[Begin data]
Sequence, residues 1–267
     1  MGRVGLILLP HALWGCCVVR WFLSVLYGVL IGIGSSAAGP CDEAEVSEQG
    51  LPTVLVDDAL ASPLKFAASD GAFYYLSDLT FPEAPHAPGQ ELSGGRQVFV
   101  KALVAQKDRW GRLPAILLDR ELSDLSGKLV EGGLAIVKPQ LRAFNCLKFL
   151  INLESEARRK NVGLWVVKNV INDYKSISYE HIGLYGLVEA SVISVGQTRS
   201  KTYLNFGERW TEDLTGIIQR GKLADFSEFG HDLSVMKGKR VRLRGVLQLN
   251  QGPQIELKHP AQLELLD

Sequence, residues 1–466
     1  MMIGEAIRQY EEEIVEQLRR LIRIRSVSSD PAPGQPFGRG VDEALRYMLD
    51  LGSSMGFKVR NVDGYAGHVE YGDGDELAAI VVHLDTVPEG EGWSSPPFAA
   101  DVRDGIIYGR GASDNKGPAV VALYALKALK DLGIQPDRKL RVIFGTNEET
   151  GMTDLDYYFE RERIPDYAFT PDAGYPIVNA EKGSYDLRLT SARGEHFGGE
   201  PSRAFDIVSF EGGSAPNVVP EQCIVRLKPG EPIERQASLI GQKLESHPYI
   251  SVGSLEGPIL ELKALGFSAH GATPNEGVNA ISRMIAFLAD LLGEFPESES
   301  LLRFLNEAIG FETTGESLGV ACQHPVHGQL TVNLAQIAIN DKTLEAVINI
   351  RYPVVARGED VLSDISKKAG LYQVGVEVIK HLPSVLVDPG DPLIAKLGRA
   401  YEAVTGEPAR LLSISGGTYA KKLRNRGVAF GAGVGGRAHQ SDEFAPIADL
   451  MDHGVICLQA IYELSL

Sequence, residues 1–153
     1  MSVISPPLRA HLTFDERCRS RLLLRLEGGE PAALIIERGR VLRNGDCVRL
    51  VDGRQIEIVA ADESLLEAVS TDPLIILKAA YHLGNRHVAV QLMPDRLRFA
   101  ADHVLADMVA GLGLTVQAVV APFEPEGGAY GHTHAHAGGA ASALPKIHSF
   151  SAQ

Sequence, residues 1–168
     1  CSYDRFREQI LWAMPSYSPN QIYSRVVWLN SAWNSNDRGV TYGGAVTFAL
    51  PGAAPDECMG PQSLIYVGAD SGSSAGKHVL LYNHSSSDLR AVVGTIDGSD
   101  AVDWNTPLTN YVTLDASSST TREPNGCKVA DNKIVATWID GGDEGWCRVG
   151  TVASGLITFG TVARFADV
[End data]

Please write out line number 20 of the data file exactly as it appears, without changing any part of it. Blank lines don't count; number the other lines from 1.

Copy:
     1  MSVISPPLRA HLTFDERCRS RLLLRLEGGE PAALIIERGR VLRNGDCVRL